Republicans are bringing notepads to a gun fight.
With the debate over the future of the nation’s health care system effectively underway, President Obama continues to show deftness in the art of political theater.
This Monday, Obama announced an agreement with unions and health care industry groups in which they pledged to reduce the projected growth of health care costs by $2 trillion over 10 years. The details about how the groups expect to achieve these savings remain a mystery. But the image of Obama flanked by the leaders of influential groups representing insurers, hospitals, doctors and pharmaceutical companies was a show of force. It was a reminder to all of those who disagree with his vision for national health care that should they stand in his way, they will be up against a juggernaut.
Obama and his Democratic allies in Congress are proceeding with a sense of urgency. Liberal activists are mobilizing. The Health Care for America Now coalition is in the midst of a $40 million campaign for national health care it launched last summer. Yet Republicans, already weak in numbers, are responding to the prospect of the most significant expansion of the role of government in the history of the United States with a whimper.
“I agree with President Obama and lawmakers on both sides of the aisle who see that the time for reforming America’s health care system is now,” Republican Sen. Mike Enzi said in a talk to the Heritage Foundation on Tuesday.
Enzi has been involved in ongoing discussions about health care legislation as the ranking member of the Health, Education, Labor, and Pensions Committee (which is chaired by Ted Kennedy), and also as a member of the Finance and Budget Committees.
While Republicans and Democrats haven’t yet started negotiations, he said that he was encouraged by early talks.
“Let me be clear: I do want to support a bipartisan health care reform bill,” he said. “I also think it’s possible to get broad bipartisan support behind such a bill.” He suggested that health care legislation could get 80 votes in the Senate.
His comments echoed recent public remarks of other Republicans who are playing a prominent role in the health care debate, Charles Grassley and Orrin Hatch. After meeting Obama for lunch last week, Grassley also floated the possibility of achieving a compromise that would garner 80 votes. And Hatch, speaking at a Kaiser Family Foundation breakfast last Thursday, expressed confidence that ongoing bipartisan talks could yield “meaningful reform” this year.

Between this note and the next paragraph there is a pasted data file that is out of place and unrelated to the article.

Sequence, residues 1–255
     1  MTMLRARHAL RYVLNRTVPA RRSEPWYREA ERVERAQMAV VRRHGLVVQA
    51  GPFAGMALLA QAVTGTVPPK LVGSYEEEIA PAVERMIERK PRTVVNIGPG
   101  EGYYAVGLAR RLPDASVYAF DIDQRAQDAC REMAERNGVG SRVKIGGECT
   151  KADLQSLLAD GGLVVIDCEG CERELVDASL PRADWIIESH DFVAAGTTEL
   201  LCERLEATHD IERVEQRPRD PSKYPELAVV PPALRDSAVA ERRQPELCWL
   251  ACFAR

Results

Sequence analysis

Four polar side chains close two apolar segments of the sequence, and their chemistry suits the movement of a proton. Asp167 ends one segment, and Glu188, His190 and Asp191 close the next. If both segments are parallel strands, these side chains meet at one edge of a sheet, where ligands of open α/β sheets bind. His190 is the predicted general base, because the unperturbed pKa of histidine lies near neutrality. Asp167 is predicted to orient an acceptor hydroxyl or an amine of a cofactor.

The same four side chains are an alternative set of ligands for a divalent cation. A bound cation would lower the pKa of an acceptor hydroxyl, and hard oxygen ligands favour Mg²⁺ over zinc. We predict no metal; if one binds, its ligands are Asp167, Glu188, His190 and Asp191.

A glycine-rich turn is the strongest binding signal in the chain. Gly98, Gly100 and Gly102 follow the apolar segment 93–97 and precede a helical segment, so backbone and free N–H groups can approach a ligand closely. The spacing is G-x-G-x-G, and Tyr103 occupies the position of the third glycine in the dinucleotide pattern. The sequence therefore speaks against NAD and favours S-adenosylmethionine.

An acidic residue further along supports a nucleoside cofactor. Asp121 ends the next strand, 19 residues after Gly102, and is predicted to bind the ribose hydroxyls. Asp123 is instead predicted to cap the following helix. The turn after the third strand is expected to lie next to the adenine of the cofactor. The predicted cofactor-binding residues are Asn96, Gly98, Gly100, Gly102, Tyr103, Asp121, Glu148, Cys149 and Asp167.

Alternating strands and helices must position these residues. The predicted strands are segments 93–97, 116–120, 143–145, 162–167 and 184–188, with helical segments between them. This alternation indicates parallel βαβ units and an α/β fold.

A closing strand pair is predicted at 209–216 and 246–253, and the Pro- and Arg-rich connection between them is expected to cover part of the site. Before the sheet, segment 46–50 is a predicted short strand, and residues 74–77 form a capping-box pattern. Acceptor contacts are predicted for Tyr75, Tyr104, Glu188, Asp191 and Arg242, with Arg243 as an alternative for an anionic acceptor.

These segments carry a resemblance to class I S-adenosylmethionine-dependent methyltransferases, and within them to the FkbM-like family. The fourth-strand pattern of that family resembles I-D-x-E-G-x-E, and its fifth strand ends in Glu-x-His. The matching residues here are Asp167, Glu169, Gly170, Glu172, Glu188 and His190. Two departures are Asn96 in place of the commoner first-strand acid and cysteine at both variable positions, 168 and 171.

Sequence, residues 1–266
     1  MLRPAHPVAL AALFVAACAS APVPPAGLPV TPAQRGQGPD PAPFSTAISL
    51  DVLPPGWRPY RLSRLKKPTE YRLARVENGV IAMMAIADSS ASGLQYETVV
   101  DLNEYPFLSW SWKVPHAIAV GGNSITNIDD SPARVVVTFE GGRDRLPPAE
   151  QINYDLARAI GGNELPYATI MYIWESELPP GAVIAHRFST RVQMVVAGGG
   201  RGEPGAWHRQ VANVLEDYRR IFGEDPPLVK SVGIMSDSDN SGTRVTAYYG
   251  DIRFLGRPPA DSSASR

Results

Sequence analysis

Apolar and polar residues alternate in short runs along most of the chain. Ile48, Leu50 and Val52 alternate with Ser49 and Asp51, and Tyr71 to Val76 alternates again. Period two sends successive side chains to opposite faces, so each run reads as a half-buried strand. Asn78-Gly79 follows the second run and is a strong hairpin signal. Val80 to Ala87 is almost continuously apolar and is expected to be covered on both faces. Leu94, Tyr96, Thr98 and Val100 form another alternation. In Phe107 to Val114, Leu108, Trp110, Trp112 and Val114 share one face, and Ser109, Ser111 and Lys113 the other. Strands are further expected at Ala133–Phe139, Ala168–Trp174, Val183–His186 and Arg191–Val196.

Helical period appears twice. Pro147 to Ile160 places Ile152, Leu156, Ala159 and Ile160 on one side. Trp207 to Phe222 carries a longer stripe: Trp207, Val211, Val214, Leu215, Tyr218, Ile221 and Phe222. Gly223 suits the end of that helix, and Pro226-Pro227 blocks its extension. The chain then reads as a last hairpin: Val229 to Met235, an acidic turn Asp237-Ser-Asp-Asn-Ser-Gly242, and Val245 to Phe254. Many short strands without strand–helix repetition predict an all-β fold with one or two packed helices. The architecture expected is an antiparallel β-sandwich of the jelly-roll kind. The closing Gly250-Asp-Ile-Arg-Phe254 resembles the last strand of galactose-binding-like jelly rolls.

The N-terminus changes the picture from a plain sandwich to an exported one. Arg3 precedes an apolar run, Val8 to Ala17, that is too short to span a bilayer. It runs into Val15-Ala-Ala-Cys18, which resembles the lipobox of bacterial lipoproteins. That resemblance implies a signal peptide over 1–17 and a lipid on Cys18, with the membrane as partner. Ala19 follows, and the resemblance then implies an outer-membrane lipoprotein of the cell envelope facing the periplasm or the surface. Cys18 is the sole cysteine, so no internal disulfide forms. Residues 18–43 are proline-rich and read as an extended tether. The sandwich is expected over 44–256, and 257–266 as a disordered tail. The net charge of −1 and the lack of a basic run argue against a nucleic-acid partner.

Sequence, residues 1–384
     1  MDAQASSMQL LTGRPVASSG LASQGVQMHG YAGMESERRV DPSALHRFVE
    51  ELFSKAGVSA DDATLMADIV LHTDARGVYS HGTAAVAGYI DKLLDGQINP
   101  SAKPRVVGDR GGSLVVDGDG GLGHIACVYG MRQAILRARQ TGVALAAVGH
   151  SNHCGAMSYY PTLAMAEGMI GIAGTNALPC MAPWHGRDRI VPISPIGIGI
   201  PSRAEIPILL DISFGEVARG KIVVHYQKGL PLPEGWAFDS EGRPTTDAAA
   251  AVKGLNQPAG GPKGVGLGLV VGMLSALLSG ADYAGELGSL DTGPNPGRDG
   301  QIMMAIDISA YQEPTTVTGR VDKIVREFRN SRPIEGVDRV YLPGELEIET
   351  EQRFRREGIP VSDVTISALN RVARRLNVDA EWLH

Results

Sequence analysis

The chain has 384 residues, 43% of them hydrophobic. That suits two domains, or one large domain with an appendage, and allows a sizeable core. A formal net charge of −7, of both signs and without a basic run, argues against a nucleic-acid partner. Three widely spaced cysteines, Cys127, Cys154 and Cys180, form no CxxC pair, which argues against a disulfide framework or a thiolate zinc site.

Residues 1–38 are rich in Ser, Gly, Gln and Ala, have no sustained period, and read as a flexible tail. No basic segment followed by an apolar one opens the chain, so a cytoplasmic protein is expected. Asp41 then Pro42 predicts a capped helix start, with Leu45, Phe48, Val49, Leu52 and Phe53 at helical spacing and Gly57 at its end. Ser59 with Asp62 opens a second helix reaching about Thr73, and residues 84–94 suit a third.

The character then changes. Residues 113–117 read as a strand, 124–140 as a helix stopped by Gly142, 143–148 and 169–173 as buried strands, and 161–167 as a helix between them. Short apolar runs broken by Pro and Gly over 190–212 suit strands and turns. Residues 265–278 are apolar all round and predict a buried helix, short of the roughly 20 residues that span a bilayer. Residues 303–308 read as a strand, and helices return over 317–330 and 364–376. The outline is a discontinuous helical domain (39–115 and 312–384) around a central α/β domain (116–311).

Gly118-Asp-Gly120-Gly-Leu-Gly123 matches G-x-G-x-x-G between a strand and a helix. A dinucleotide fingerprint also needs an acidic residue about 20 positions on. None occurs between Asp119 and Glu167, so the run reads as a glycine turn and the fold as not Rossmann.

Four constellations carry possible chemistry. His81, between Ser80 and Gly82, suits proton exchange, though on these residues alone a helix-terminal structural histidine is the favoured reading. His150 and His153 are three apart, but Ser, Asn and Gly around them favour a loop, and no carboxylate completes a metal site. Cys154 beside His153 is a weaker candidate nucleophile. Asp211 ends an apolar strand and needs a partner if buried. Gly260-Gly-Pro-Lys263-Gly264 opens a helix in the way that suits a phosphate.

While some issues lend themselves to bipartisan compromise — such as splitting the difference on tax and spending bills — health care is much more complicated. There are very stark differences between those who look at the problems with our health care system and see a mess caused by excessive government meddling, and those who see a dysfunctional private market that can only be fixed by more government. Democrats are in the latter camp, and given they are the majority, there is no reason to believe that they would want to make meaningful sacrifices on legislation to win passage with 80 votes when they can pass what they want with 60 (or even 50, if they resort to the process of reconciliation).
When I had the opportunity, I asked Enzi to address the obvious philosophical divide.
“I wish you could be in some of the meetings I’ve been in that are far more encouraging than what you’re reading in the papers where people are taking the outside positions so they don’t have to come as quite far to the middle,” Enzi responded.
He continued, “I’m an optimist. I think you have to be to work in this job.”
Yet while Enzi expressed confidence in his ability to strike a deal with Democrats, he was dismissive of the idea that fellow Republicans could agree amongst themselves on an alternative proposal.
“The main reason is that Republicans are very independent people,” he explained. “That’s one of the problems we have with our messaging. We’re so independent and creative that we don’t like to take the same message that somebody used on the floor and repeat it.…We prefer to be independent and have a lot of ideas, so consequently when you try to bring people together for a plan, out of the 40 of us, you’d be lucky to get 20.”
He applauded ideas presented by Republican Sens. Tom Coburn and Richard Burr, but cautioned that they shouldn’t be seen as an alternative.
The major fault line that is emerging between Republicans and Democrats is over the creation of a new government-run plan modeled after Medicare that would be offered alongside private insurance plans on a government-run and regulated national insurance exchange. Such a plan could shift 119 million Americans from private to government insurance, according to a recent study by the Lewin Group, and thus put the country on the path to a full government takeover of the medical system.
Enzi insisted that regardless of their public statements in support of such an approach, privately, Democrats are “backing away” from the idea, “or holding it out there as something to trade in the future.”
Enzi, along with Grassley and Hatch, have all come out strongly opposed to a government-run plan, meaning that if Democrats go ahead with it, bipartisan reform will fall by the wayside.
If that happens, perhaps Republicans will unite around a message and scramble to produce an alternative. The problem is, by that point, it will be far too late.
Notice to Readers: The American Spectator and Spectator World are marks used by independent publishing companies that are not affiliated in any way. If you are looking for The Spectator World please click on the following link: https://spectatorworld.com/.